Download Chapter MP3 script

yes no Was this document useful for you?
   Thank you for your participation!

* Your assessment is very important for improving the workof artificial intelligence, which forms the content of this project

Document related concepts

Revenue management wikipedia , lookup

Social media marketing wikipedia , lookup

Market penetration wikipedia , lookup

Bayesian inference in marketing wikipedia , lookup

Affiliate marketing wikipedia , lookup

First-mover advantage wikipedia , lookup

Service parts pricing wikipedia , lookup

Retail wikipedia , lookup

Dumping (pricing policy) wikipedia , lookup

Product placement wikipedia , lookup

Perfect competition wikipedia , lookup

Neuromarketing wikipedia , lookup

Marketing research wikipedia , lookup

Marketing communications wikipedia , lookup

Pricing wikipedia , lookup

Ambush marketing wikipedia , lookup

Product lifecycle wikipedia , lookup

Price discrimination wikipedia , lookup

Sports marketing wikipedia , lookup

Digital marketing wikipedia , lookup

Multi-level marketing wikipedia , lookup

Food marketing wikipedia , lookup

Target audience wikipedia , lookup

Viral marketing wikipedia , lookup

Predictive engineering analytics wikipedia , lookup

Guerrilla marketing wikipedia , lookup

Youth marketing wikipedia , lookup

Direct marketing wikipedia , lookup

Marketing plan wikipedia , lookup

Integrated marketing communications wikipedia , lookup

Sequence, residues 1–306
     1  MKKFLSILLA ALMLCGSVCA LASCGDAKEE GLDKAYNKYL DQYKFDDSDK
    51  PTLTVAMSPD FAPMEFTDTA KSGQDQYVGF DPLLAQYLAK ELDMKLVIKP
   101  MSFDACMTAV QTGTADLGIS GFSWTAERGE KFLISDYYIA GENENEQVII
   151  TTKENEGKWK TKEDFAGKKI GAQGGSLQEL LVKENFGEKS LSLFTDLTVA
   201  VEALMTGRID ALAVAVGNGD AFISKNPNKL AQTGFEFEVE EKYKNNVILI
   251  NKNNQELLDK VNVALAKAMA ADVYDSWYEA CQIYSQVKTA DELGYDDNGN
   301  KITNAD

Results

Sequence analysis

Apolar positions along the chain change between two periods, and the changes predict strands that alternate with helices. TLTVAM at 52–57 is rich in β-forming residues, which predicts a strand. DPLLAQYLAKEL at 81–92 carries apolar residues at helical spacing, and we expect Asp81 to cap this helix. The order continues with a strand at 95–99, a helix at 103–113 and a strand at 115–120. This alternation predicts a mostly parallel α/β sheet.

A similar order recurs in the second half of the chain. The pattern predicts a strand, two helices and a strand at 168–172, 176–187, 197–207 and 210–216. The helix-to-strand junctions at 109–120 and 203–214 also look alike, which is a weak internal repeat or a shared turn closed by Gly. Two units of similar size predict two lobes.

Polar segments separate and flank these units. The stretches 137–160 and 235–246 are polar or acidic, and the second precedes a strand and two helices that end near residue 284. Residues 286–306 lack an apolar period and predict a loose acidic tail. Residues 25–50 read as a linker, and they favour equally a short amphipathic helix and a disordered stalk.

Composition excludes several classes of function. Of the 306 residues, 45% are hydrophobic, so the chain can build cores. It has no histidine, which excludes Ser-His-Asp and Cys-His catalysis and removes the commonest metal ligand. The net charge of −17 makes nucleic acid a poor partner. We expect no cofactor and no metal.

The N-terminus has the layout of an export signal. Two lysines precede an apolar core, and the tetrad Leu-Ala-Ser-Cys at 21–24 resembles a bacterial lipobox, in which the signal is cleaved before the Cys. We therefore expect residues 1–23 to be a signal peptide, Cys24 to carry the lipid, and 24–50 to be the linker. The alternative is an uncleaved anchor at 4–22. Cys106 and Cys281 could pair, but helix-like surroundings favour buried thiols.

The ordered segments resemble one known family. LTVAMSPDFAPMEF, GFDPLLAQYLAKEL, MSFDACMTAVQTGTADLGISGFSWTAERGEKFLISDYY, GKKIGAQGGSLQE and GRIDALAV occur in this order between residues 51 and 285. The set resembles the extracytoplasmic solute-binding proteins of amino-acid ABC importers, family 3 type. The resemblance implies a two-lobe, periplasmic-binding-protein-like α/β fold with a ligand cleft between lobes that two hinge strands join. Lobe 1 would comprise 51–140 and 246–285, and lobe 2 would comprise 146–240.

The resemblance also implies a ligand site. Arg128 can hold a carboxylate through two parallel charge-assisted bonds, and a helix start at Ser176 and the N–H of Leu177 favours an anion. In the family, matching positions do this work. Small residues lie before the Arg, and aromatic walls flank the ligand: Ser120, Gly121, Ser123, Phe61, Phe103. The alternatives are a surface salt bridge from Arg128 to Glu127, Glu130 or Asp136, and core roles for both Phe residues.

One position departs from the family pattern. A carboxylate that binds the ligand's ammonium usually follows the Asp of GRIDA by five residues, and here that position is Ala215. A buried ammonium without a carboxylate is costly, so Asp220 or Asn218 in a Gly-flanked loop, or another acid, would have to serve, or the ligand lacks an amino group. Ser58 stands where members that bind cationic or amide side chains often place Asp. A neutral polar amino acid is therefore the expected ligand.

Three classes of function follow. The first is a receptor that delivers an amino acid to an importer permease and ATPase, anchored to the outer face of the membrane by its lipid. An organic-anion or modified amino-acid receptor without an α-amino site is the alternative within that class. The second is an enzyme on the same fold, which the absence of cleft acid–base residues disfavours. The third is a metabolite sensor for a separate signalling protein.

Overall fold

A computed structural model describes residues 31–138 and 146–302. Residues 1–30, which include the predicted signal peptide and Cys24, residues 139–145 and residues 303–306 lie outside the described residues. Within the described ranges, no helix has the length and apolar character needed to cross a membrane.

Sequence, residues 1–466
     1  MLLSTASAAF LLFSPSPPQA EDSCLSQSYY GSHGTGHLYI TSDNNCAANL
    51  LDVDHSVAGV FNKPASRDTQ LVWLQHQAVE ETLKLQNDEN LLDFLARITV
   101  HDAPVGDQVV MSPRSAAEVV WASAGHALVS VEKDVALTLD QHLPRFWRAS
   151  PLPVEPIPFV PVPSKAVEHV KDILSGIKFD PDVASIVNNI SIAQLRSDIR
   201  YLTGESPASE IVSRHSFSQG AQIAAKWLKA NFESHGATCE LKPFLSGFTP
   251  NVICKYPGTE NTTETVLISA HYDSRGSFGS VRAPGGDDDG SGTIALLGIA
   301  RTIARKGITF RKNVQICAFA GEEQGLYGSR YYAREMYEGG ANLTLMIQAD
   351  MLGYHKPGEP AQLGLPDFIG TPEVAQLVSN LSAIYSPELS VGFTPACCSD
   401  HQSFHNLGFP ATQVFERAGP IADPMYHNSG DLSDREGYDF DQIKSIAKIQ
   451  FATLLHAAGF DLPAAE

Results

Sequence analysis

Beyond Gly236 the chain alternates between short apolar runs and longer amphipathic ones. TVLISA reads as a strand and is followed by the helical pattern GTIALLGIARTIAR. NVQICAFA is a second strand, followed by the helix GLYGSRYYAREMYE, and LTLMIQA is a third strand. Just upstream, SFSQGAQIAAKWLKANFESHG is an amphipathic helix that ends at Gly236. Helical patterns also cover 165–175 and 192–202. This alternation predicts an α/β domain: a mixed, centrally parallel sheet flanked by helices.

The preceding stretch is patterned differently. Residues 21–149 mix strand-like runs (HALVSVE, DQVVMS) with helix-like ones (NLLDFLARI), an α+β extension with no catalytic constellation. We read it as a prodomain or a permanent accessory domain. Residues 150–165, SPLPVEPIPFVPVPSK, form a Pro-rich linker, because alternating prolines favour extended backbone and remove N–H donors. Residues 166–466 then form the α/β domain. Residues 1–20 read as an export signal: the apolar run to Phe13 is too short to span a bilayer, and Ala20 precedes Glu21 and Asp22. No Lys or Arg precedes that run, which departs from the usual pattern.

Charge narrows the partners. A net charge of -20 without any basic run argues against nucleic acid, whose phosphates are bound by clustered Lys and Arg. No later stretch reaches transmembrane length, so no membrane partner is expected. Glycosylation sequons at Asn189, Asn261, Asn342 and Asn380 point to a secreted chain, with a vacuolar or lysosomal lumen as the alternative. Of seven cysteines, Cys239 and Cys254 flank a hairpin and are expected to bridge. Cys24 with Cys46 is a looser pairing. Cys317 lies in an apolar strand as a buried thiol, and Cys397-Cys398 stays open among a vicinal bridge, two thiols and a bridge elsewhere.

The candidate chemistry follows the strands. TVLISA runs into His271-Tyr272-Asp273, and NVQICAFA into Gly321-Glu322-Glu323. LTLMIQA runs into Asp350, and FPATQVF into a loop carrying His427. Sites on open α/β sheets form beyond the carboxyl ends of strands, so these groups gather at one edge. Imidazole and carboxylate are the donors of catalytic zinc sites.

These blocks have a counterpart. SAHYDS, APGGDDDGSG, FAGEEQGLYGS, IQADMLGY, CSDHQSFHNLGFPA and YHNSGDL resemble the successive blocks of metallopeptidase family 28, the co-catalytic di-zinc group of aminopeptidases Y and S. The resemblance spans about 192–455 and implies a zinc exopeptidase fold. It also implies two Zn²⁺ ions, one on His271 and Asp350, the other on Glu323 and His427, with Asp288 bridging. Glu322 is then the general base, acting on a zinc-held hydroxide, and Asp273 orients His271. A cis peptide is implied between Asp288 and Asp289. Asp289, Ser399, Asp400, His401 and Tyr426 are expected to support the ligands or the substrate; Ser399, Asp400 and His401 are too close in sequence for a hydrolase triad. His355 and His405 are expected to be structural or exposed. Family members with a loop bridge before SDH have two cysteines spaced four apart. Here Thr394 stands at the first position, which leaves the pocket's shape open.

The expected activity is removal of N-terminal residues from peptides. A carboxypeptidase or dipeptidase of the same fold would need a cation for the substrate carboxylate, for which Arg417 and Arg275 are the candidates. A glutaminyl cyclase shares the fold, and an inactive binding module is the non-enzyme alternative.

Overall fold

Pricing strategies wikipedia , lookup

Marketing wikipedia , lookup

Target market wikipedia , lookup

Multicultural marketing wikipedia , lookup

Advertising campaign wikipedia , lookup

Marketing channel wikipedia , lookup

Street marketing wikipedia , lookup

Green marketing wikipedia , lookup

Product planning wikipedia , lookup

Sensory branding wikipedia , lookup

Marketing mix modeling wikipedia , lookup

Marketing strategy wikipedia , lookup

Global marketing wikipedia , lookup

Chapter MP3 script 32
The Marketing Mix: Product and Price
In this recording we summarise the content of chapter 32 The Marketing Mix: Product and Price.
Studying this chapter should help you specify the key elements of the marketing mix; discuss what is
meant by branding and explain how packaging and labelling can contribute to a brand's success;
understand how the management of products and services changes over the different stages of the
lifecycle and explain the process by
which new products are developed and adopted by markets; understand how to price product and
services; .
Introducing the chapter, the authors start with 1. Once a company determines its target market and
establishes a position within that market, it is ready to begin its marketing. The tools used for this are
the controllable variables of the marketing mix, (Barringer and Ireland 2010); the variables are used
by the organisation to satisfy customers in the target markets. The mix is effectively the tactical
‘toolkit’ of the marketing programme; product, place/distribution, promotion, price (and people)
variables, as illustrated in Figure 32.1. Baines, Fill and Page (2008) deem it to be the list of items a
marketing manager should consider when devising plans for marketing products, including product
decisions, place (distribution) decisions, pricing decisions, and promotion decisions. Later the mix was